A statue of President Thomas Jefferson, a presence for more than a century in the New York City Council chamber, is coming down following a public commission reassessment of the legacy of the founding father who was also a slaveholder.
The New York City Public Design Commission voted unanimously on Monday to dismantle the 7-foot bronze likeness of Jefferson, which has watched over proceedings in the most populous U.S. city since 1915.
The commission agreed to lend the 187-year-old statue long-term to the New-York Historical Society. It is a plaster model of a statue still on display in the U.S. Capitol Rotunda.
“Jefferson embodied some of the most shameful parts of our country’s long and nuanced history,” Councilperson Adrienne Adams, co-chair of the council’s Black, Latino and Asian Caucus, told the commission. “It is time for the city to turn the page and move forward.”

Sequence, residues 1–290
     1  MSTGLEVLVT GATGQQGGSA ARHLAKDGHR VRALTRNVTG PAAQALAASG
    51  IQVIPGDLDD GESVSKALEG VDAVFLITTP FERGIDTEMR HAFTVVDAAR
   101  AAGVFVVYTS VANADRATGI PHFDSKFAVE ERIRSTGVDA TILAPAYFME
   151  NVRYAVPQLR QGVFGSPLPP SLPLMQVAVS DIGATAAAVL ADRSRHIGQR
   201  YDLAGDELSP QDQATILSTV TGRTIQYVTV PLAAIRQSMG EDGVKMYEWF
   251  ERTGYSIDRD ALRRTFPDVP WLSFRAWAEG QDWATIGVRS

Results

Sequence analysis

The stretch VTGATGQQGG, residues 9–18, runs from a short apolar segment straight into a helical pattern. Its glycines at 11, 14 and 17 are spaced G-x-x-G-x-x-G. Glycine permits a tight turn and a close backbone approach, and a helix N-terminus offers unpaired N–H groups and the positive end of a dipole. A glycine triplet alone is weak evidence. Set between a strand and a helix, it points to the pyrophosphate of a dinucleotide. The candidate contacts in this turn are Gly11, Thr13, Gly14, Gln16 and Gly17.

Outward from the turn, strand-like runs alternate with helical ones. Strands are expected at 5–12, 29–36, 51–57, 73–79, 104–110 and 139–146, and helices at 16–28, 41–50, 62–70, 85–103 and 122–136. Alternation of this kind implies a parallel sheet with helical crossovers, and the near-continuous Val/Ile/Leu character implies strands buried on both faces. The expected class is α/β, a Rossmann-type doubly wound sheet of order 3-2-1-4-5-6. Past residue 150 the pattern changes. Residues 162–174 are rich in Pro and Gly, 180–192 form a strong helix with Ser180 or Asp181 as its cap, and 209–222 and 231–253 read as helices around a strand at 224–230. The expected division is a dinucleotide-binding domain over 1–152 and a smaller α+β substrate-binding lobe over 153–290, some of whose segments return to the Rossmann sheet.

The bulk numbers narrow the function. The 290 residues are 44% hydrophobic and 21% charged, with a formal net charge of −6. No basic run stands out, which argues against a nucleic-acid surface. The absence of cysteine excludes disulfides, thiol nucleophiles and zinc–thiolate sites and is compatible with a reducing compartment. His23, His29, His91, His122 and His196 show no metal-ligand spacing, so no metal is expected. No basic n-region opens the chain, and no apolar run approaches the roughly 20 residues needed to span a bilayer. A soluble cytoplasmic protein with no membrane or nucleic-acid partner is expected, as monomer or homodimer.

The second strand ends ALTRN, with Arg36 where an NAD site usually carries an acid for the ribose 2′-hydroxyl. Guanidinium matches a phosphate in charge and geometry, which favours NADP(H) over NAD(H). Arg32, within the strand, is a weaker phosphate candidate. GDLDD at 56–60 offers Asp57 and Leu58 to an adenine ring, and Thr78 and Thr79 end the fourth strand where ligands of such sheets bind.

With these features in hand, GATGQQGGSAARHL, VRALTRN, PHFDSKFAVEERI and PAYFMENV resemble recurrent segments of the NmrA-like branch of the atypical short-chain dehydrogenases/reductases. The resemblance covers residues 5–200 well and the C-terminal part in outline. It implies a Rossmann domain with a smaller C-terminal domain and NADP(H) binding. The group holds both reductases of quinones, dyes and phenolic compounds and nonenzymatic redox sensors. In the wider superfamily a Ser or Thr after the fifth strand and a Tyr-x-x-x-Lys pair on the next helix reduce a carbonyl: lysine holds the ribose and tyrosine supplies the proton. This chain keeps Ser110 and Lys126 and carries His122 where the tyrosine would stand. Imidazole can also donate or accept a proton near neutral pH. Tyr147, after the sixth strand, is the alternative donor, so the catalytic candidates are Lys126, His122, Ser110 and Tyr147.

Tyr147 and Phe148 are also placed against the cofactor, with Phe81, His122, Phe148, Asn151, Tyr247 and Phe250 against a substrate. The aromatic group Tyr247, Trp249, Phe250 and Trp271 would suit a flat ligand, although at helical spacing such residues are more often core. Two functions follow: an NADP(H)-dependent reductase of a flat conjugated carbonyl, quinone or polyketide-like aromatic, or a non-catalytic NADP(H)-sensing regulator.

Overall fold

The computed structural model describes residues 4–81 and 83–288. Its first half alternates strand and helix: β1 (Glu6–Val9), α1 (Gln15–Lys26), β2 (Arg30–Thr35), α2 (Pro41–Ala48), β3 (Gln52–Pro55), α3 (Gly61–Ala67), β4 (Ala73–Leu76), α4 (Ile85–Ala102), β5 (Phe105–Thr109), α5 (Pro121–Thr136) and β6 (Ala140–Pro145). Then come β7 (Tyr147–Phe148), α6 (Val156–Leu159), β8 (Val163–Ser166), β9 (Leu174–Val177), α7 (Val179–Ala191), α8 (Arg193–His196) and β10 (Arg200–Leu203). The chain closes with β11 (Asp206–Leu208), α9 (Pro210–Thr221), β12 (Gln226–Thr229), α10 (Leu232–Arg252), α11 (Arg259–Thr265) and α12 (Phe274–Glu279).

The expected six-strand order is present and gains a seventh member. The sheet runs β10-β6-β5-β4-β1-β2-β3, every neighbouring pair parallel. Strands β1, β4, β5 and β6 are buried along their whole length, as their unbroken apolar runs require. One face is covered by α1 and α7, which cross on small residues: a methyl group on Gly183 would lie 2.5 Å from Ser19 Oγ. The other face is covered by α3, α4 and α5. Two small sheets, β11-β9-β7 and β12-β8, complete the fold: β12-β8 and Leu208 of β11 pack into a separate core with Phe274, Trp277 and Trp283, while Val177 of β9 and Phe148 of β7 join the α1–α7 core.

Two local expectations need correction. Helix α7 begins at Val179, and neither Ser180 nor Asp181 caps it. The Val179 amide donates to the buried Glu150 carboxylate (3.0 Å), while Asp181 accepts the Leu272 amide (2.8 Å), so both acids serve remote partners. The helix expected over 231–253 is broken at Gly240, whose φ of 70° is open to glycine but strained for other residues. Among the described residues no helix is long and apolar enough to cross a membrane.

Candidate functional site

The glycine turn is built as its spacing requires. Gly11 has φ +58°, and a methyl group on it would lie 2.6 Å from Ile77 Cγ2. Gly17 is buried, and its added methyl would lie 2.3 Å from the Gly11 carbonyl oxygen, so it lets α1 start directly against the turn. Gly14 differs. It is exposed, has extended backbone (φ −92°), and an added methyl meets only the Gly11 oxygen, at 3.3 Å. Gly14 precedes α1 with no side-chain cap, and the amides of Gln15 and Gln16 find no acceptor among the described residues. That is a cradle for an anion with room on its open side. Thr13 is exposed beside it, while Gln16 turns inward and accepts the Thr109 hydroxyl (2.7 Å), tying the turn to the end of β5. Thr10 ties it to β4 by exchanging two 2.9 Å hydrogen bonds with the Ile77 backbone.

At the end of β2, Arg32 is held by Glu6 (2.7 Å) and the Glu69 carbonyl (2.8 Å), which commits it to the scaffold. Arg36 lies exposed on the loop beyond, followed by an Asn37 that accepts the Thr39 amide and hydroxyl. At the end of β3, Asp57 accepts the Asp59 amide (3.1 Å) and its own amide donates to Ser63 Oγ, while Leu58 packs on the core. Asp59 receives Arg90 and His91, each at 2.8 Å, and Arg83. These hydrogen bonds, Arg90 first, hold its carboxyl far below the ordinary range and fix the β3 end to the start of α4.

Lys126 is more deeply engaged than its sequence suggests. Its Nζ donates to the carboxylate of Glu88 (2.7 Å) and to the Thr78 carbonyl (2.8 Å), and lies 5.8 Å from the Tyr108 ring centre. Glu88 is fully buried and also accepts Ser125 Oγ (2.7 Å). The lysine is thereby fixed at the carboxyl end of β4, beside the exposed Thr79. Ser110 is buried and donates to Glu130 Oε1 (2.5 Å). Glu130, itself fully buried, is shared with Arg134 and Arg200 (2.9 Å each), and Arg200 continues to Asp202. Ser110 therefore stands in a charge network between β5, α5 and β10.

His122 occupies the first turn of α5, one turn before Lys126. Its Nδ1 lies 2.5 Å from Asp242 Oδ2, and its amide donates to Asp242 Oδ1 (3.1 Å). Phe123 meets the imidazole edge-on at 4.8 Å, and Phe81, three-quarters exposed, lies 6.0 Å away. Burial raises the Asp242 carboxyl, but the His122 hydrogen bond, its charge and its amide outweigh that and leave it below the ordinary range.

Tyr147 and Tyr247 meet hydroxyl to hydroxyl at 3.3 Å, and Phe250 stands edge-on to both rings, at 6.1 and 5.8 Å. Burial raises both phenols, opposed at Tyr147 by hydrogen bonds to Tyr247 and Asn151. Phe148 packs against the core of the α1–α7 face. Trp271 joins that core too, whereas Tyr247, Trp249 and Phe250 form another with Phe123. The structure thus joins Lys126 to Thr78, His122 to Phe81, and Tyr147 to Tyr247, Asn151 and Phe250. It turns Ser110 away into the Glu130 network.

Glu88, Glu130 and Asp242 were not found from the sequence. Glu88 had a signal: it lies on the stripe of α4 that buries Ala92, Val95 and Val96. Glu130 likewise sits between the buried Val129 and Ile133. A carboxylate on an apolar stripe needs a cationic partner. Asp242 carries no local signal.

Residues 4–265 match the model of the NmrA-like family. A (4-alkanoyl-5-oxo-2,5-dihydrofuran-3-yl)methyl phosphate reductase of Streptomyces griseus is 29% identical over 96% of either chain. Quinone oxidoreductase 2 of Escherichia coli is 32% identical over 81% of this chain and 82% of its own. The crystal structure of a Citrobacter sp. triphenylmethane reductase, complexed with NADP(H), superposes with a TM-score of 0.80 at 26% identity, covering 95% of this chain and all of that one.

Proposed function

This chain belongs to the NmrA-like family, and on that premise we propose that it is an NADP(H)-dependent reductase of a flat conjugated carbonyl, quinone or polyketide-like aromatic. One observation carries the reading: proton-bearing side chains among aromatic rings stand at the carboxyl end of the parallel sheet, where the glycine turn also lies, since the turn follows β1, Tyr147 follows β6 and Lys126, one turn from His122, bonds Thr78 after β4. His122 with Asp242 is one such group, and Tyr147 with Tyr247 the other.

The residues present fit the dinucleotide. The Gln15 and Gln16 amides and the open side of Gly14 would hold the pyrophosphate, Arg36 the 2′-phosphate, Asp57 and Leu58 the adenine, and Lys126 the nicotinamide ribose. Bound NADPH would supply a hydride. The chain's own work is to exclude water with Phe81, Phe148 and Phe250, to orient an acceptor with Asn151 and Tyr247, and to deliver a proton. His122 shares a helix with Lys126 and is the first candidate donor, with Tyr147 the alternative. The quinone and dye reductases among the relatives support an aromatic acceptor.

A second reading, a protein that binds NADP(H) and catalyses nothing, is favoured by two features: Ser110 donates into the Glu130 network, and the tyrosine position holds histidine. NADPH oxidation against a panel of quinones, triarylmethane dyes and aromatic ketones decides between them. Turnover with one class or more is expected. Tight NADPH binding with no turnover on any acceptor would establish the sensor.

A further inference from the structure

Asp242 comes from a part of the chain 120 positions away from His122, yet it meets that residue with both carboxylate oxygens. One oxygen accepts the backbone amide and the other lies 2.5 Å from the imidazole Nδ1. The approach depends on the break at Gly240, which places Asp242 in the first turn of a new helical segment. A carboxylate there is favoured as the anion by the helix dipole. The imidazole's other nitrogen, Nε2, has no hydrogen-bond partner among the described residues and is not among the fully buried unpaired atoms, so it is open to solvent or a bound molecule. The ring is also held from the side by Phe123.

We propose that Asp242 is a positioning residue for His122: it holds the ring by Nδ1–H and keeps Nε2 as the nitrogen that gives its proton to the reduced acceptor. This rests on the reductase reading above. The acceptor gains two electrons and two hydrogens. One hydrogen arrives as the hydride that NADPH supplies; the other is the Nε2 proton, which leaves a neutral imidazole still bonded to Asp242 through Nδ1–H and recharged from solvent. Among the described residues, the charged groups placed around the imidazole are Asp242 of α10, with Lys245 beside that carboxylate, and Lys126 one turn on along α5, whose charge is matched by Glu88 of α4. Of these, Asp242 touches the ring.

Similar monuments have become a target of anti-racism protests in recent years. Statues of Civil War Confederate leaders have also been dismantled.
Jefferson’s place in U.S. history is complex.
Having written that “all men are created equal” as the primary author of the Declaration of Independence, he also enslaved more than 600 people and fathered at least six children with Sally Hemings, a woman he enslaved.
Not everyone supported the removal of the statue. Sean Wilentz, a American history professor at Princeton University, wrote in a letter read to the commission:
“The statue specifically honors Jefferson for his greatest contribution to America, indeed, to humankind.”